It must b said at this point that with over 100 guests every cruise and 25 full bottles of wine allocated per cruise, it was quite possible to save around 10 bottles of wine at the end of a cruise. Factor in the fact that we earned the equivalent of around R 1000 per month working on the boat (obviously boarding and food was free) we did not really have money to save for future travels while also wanting to also enjoy our free time at night with a few beers. 

So there we all were clearing tables at the end of a cruise and all bottles that were still full were given to me to put in a black bag and I had to hide them in my cabin. Once we had finished our night shift, we could get the bottles off the boat and enjoy them all together.
The problem was that I had really never done something like this before and I was very nervous. That said, I was about to finish a successful mission BUT as I was about to enter my cabin with the 10 bottles, I was met by a very angry SHIMON.
( Remember that this is the same guy that fired someone for (ostensibly) cutting a tomato incorrectly ! )

So, expecting to be asked to pack my bags and considering that we were still on an afternoon cruise, he told me to go help the guests off the boat and he will chat to me later. This was the most horrifying 30 minutes of my life - having to smile and thank the guests as they left, while knowing full well that I may have received my first 'FIRING' at work for smuggling booze - at 18 years old, the shame that I kept thinking I would have brought to my family was unbearable....
After the guests had gone, it was time for my to 'face the music' and Shimon asked me to see him on the main deck. Long story short, I got a mouthful about how I had let him personally down as he thought I had potential...how disappointed he was in me BLAH BLAH....(I remember thinking - you are not my father....so get it over and done with) 
He did not fire me as he said he knew who had put me up to this and considered me a unwilling participant (which I was) When I realised that my job was safe, I dared ask him why (2 weeks earlier) he had fired the South African girl for cutting the tomato incorrectly. His reply did shock me a bit - but here goes : ' South African woman were an enigma to me. They, like the men, worked hard, but I feel that they always feel entitled to things because of their sheltered upbringing. I hired her, but was very weary of her. When I saw the way she was communicating with the other crew in the galley (kitchen - on the Galli boat) I sensed she would be a problem - upsetting our moral. I had no idea how to rectify my mistake, so when she cut the tomato the way she did, I thought I had the opportunity to rectify my mistake !'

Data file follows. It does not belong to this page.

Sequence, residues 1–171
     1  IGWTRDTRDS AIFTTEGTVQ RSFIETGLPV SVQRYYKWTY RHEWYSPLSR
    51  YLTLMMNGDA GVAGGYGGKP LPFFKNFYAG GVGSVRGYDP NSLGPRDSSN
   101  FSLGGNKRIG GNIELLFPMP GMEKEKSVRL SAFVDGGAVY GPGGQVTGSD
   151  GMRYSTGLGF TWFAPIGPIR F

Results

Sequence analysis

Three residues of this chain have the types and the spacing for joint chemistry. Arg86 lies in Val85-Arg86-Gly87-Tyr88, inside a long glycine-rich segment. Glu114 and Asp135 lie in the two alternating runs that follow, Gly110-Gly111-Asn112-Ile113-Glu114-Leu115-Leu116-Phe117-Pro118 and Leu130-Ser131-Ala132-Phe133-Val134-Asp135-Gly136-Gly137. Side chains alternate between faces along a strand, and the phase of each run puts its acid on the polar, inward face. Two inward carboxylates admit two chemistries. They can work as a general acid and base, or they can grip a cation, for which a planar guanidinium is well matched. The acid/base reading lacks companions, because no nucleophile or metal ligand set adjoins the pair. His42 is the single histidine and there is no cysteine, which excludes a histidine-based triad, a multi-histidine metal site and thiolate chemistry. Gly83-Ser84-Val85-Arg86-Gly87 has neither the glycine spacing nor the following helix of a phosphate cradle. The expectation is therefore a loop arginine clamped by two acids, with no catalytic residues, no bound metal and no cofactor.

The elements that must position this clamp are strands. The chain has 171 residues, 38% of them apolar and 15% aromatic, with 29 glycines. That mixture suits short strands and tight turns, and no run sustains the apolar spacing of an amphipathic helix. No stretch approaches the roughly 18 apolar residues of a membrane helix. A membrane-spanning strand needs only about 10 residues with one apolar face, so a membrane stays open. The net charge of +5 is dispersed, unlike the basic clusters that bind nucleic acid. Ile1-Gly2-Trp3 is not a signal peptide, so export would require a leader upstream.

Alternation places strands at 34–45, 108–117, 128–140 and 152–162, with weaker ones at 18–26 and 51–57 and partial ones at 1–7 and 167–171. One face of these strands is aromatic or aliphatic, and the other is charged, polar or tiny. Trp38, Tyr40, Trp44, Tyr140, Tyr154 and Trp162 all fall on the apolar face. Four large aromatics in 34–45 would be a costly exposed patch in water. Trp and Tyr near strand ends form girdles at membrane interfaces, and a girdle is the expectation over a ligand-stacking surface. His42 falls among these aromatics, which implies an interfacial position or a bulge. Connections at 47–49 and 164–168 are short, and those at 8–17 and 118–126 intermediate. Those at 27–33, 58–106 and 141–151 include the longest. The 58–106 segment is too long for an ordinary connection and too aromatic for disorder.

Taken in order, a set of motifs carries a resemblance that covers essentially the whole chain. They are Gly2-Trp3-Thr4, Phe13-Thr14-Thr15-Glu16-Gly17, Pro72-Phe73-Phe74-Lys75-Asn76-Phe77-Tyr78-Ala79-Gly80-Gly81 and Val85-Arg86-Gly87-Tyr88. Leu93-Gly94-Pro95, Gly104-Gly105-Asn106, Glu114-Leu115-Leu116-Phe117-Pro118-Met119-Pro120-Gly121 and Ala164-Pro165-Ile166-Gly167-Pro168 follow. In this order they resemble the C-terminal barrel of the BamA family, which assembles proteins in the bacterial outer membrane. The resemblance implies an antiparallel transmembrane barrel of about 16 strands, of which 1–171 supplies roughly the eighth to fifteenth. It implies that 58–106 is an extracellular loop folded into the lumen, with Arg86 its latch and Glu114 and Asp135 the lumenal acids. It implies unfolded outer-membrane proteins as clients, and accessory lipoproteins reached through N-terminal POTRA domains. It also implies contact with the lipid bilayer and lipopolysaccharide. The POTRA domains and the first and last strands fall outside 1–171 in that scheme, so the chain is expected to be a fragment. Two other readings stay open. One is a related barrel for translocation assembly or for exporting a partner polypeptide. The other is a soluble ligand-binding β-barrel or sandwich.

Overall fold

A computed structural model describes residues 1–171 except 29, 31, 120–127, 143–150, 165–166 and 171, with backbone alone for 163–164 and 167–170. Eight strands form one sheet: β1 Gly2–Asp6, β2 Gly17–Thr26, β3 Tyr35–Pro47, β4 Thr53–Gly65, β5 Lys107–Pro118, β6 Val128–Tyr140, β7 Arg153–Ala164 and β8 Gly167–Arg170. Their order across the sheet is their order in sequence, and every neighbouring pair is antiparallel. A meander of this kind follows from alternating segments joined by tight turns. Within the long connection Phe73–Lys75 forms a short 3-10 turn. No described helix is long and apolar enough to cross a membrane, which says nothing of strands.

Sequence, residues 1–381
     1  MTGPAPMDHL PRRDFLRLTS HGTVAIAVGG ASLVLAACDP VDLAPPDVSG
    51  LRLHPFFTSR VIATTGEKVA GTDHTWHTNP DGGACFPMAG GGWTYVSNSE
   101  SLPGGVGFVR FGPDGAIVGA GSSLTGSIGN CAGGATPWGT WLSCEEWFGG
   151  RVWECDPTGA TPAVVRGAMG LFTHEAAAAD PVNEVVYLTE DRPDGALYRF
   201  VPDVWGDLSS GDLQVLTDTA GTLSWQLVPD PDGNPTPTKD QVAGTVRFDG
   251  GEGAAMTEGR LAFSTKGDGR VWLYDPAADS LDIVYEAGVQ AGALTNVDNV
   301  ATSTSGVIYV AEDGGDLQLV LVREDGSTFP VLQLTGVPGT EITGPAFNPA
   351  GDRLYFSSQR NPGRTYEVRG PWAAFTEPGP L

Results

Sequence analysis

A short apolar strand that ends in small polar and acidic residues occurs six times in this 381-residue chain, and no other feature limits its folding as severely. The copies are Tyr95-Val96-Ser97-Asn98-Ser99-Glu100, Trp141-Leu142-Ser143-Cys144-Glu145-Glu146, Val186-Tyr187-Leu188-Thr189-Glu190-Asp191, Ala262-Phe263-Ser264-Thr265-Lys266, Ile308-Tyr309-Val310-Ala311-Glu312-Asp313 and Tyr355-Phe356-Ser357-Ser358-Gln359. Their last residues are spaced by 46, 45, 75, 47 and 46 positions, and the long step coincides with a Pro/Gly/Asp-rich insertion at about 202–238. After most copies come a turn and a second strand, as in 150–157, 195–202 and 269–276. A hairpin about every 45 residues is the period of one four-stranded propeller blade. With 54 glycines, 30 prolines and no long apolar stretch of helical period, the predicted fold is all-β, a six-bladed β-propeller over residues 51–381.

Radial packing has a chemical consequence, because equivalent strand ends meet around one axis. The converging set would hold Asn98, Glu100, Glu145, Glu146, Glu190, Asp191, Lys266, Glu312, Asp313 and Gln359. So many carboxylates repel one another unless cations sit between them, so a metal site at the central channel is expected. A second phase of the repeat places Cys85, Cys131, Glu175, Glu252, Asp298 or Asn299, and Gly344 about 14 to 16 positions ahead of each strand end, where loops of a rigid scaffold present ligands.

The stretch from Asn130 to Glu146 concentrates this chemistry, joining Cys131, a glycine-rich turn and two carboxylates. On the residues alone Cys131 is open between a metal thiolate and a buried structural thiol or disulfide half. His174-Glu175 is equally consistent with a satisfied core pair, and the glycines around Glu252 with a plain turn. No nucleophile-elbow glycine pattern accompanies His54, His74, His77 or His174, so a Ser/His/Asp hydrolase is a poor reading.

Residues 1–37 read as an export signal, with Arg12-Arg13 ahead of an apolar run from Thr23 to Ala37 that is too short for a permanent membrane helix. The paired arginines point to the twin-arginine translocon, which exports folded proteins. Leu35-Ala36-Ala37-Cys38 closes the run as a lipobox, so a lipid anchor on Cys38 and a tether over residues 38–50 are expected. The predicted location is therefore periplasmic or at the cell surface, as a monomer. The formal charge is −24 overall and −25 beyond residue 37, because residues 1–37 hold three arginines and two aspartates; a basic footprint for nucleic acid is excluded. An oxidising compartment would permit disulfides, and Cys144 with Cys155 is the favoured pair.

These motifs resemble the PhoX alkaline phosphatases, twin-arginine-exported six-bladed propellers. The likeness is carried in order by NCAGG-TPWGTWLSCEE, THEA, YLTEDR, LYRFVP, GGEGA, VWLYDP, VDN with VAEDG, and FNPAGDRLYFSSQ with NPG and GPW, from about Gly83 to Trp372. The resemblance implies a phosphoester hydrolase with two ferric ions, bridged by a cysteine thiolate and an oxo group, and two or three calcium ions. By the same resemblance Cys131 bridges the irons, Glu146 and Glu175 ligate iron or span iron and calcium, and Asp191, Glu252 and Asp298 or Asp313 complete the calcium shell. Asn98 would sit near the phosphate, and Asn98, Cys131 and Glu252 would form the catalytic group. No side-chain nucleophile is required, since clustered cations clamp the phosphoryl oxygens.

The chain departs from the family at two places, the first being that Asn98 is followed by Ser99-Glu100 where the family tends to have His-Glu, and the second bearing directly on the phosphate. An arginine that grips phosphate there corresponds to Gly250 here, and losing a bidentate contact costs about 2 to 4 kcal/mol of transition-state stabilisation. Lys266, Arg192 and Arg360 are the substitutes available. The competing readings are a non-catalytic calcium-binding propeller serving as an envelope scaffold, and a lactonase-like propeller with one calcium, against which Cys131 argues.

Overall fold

WOW

2. CLEANING FROM TOP TO BOTTOM
 

Do we actually know what it means : to clean from top to bottom ? Well, quite honestly, I thought it simply a phrase used to make sure that you did a good job cleaning in order for it to look like everything is very clean afterwards - in other words, it simply meant that you have done a thorough/comprehensive job !

But noooo.....my dear friend, Stretch, pictured here had a real go at me - his 'younger brother' of 18 years of age. It all started when the boat had a REST day - which meant nothing other than we had a day to do maintenance on the boat.

Stretch was mandated to use his height to paint the side of the boat when the rest of us (usually we were around 12 in total at any given time) were tasked with a DEEP clean of the main deck. This meant getting on our hands and knees and scrubbing the decks as well as the walls of the boat.